How Much Free Speech for Scientists? » American Scientist
Restrictions on scientific communication are nothing newârecall that Galileo was sentenced to house arrest by Church inquisitors in 1633 for supporting the Copernican theory. But serious threats to the freedom of scientific discourse have come to the forefront recently, after suspicions were raised of Chinese spying at U.S. national laboratories. These allegations triggered the imposition of new restraints and revived some old ones. So it is a good time for the scientific community to reflect on the evolution of such government controls in our time, to express support for regulations that are justified and to protest those that do harm After the outbreak of World War II, many physicists voluntarily censored themselves, with the result that…
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Chemotrophic bacteria, getting its energy by oxidizing dissolved iron
This slimy, red stuff is incredibly fascinating: rather than metabolizing sunlight, like most autotrophs, it lives in the transition zone where water, de-oxygenated by microorganisms feeding on the organic-rich swamp beneath, meets the air. The bacteria combines the oxygen with the iron, keeping the electron released by the oxidation process as its energy supply. Soooper cool! Other iron-oxidizing bacteria form the base of the food chain at geothermal vents on the deep ocean floor where there is no sunlight. If you introduce carbon, you can run the cycle backward. Watch this video for a completely mind-blowing demonstration.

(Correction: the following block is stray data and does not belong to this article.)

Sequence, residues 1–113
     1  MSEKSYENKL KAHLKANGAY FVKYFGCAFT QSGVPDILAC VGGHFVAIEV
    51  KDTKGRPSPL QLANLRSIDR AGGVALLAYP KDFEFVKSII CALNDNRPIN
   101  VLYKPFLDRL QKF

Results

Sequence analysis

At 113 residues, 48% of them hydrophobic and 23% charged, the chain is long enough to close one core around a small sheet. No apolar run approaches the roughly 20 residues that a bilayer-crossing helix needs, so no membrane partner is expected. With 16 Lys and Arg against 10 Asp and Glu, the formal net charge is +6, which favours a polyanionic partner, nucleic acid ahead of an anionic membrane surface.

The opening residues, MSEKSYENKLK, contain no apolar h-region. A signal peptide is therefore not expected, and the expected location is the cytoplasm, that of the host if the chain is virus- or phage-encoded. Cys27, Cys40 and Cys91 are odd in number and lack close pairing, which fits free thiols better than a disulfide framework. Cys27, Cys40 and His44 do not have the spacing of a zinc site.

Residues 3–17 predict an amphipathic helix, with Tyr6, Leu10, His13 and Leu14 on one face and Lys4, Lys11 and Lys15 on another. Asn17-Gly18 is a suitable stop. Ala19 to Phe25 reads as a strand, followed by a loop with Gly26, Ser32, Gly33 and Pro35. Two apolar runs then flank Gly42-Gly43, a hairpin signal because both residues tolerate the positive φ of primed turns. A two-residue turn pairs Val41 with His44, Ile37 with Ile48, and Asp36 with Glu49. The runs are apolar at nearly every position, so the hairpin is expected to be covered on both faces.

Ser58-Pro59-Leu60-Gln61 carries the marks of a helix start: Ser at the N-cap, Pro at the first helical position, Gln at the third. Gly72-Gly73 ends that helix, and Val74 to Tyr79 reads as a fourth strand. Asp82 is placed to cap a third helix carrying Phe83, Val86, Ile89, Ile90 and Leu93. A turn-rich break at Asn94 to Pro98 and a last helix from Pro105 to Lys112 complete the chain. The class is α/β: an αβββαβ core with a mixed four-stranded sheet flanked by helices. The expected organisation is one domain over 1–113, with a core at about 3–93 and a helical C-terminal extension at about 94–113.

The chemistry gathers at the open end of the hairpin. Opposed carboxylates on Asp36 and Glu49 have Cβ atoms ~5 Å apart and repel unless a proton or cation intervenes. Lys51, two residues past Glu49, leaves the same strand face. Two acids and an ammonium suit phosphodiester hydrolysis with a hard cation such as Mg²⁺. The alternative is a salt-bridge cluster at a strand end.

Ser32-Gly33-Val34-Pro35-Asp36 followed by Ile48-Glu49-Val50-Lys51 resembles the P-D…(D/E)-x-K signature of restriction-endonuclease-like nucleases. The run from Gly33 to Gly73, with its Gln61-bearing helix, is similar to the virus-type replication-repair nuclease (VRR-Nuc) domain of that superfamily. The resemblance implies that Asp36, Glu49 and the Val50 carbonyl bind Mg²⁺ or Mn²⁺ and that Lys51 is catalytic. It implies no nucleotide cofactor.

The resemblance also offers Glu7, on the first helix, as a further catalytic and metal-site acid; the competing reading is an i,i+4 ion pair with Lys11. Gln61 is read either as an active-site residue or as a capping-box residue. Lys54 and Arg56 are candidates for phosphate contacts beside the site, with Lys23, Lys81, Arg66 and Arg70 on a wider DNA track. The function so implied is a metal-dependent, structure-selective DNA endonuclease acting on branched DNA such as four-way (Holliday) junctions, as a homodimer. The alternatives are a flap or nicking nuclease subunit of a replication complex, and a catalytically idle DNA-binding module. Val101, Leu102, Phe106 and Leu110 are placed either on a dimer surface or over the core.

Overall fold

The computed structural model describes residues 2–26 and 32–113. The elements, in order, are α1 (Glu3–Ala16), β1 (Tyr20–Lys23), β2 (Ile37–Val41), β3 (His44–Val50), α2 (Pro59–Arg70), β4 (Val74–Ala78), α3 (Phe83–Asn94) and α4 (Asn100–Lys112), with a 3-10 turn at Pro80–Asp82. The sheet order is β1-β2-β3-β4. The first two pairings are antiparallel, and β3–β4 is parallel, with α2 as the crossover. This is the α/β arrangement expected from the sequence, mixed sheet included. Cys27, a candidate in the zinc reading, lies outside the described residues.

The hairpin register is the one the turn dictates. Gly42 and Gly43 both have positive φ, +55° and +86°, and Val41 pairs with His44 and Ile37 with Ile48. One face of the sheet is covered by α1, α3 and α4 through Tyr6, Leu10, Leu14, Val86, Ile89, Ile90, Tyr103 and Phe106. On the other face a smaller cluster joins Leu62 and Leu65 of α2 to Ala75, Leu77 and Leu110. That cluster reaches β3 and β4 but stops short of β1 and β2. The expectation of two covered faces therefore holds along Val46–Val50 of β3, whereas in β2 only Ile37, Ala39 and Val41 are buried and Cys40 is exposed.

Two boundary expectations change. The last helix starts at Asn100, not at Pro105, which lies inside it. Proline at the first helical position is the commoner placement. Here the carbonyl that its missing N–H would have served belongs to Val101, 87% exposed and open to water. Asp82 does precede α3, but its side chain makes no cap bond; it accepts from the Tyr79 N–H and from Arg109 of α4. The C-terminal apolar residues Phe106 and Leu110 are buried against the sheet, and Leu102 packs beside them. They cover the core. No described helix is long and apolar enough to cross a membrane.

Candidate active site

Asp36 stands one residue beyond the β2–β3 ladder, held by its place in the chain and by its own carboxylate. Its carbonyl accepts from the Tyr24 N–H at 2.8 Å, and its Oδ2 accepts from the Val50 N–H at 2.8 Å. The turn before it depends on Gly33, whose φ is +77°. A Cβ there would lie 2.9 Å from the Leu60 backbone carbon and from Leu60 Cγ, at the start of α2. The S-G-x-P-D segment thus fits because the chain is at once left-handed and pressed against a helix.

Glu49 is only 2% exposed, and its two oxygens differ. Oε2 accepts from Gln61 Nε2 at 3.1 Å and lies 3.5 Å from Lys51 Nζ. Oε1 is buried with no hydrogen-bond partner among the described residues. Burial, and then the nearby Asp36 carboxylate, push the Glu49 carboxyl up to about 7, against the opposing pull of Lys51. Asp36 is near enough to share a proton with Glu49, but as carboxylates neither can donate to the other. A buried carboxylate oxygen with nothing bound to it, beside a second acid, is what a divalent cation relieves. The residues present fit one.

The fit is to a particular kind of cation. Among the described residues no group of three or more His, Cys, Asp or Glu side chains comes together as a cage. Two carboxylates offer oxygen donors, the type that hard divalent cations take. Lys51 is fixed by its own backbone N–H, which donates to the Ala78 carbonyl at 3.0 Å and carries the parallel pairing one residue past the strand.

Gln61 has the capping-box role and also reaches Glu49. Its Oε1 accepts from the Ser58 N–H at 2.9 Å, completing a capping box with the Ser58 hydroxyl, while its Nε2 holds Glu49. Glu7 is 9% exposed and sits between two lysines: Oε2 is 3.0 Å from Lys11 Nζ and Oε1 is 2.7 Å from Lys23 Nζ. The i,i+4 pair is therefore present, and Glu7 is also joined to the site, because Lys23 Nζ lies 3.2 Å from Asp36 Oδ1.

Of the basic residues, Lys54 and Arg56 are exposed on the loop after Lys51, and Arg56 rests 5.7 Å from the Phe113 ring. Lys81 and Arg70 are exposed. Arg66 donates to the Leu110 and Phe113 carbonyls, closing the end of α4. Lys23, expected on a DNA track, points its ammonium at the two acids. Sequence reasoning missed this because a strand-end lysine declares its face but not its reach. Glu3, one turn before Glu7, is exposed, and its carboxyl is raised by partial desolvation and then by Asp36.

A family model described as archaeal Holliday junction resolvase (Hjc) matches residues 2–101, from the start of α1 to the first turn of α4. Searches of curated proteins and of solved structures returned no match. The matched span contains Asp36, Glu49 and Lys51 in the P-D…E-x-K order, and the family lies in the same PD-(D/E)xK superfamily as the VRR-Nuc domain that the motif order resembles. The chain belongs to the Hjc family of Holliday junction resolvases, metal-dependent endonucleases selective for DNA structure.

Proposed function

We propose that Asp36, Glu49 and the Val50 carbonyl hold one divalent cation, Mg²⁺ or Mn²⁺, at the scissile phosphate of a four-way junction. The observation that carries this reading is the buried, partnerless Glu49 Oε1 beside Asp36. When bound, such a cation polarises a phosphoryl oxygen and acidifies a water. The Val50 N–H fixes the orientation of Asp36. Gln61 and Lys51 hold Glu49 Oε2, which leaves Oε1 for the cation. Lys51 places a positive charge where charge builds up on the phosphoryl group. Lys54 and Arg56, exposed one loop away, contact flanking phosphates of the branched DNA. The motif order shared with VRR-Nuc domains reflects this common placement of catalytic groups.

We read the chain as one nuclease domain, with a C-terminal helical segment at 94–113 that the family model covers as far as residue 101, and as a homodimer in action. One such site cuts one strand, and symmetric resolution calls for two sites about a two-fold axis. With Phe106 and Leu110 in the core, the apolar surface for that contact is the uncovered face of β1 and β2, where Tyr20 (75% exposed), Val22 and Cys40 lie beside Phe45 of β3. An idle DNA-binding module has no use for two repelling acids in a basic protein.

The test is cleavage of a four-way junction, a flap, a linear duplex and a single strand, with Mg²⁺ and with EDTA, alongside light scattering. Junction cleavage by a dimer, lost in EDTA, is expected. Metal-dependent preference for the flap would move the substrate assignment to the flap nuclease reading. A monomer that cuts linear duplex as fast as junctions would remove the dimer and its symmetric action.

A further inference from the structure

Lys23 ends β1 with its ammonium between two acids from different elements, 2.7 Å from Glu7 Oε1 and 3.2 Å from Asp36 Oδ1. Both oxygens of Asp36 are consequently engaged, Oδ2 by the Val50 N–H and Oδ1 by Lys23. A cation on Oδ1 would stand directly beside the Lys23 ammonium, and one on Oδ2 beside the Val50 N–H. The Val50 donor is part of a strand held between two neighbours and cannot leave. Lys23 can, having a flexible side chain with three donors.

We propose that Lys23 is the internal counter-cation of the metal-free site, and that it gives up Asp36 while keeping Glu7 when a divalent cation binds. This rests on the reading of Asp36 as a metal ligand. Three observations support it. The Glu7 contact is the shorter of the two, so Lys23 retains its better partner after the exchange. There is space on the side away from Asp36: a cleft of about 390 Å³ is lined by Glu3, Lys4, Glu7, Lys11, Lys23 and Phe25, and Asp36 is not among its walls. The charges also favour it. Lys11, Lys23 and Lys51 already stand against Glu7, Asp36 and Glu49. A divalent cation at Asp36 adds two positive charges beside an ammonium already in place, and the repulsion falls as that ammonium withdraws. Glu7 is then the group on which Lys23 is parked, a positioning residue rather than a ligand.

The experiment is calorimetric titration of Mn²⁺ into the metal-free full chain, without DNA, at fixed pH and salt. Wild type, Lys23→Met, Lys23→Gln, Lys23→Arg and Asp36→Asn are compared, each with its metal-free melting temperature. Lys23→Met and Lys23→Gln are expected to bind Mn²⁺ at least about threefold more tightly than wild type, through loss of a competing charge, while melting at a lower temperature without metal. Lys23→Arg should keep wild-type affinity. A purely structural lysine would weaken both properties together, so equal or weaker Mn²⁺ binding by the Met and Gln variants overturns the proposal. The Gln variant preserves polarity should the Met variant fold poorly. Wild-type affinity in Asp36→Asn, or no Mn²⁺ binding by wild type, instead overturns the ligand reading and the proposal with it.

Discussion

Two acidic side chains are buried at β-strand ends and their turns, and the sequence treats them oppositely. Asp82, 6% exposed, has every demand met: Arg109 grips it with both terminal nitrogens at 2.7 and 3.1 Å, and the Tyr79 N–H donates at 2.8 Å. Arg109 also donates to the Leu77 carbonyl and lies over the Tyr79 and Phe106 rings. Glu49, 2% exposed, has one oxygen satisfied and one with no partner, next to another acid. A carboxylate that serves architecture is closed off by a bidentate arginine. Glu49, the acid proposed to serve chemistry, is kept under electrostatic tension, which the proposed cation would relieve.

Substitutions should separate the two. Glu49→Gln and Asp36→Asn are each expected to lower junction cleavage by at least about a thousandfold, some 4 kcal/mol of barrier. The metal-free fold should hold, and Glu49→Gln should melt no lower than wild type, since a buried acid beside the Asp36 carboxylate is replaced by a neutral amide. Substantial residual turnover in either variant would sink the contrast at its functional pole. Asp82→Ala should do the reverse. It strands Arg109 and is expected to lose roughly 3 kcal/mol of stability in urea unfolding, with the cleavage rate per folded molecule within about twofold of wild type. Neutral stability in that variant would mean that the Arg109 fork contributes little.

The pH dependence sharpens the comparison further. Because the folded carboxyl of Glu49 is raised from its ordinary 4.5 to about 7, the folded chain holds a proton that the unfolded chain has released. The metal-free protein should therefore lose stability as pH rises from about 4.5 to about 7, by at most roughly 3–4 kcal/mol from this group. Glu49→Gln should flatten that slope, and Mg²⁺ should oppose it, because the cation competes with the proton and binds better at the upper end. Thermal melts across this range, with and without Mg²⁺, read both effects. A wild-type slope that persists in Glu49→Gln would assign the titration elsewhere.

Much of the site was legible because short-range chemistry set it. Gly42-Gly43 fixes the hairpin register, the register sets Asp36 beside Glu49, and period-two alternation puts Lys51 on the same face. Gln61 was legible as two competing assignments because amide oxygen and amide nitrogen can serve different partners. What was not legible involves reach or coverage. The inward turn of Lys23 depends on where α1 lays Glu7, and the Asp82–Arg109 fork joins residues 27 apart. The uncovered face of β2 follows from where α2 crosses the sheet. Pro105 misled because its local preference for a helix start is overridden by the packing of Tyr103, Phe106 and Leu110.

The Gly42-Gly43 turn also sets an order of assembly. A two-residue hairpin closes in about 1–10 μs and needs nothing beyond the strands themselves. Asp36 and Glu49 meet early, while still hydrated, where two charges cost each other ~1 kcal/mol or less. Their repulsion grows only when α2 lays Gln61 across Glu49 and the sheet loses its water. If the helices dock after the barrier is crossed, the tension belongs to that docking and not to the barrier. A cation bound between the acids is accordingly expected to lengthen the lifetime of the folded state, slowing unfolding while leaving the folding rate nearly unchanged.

Will UAS Mapping Impact the LiDAR Market?
With the latest FAA relaxation on UAS flight regulations (FAA Part 107), the mapping industry are taking a serious look at practicality and usefulness of Unmanned Aerial Systems (UAS) in complementing or completely replacing some current mapping approaches. These relaxed rules have occurred in concert with noticeable advances in image processing algorithms, implemented in low... Read More
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Refractive index less than two: photonic nanojets yesterday, today and tomorrow [Invited]
Boris S. Luk’yanchuk, Ramón Paniagua-Domínguez, Igor Minin, Oleg Minin, and Zengbo Wang Author Information Boris S. Luk’yanchuk,1,2,3,* Ramón Paniagua-Domínguez,1 Igor Minin,4 Oleg Minin,5 and Zengbo Wang6 1Data Storage Institute, A*STAR (Agency for Science, Technology and Research), 2 Fusionopolis Way, Kinesis, 138634, Singapore 2Division of Physics and Applied Physics, School of Physical and Mathematical Sciences, Nanyang Technological University, 637371 Singapore 3Faculty of Physics, Lomonosov Moscow State University, Moscow 119991, Russia 4Tomsk Polytechnic University, 36, Lenin Avenue, 634050, Russia 5Tomsk State University, Tomsk, 30 Lenin Avenue, 634050, Russia 6School of Electronic Engineering, Bangor University, Bangor LL57 1UT, UK Copy Citation Text Boris S. Luk’yanchuk, Ramón Paniagua-Domínguez, Igor Minin, Oleg Minin, and Zengbo Wang, "Refractive index less than two…
Surgeon jumps from bridge after divorce from TV personality wife
A top local surgeon and the ex-husband of ABC News’ chief women’s health correspondent killed himself by leaping off the George Washington Bridge, it was reported Sunday. Dr. Robert Ash…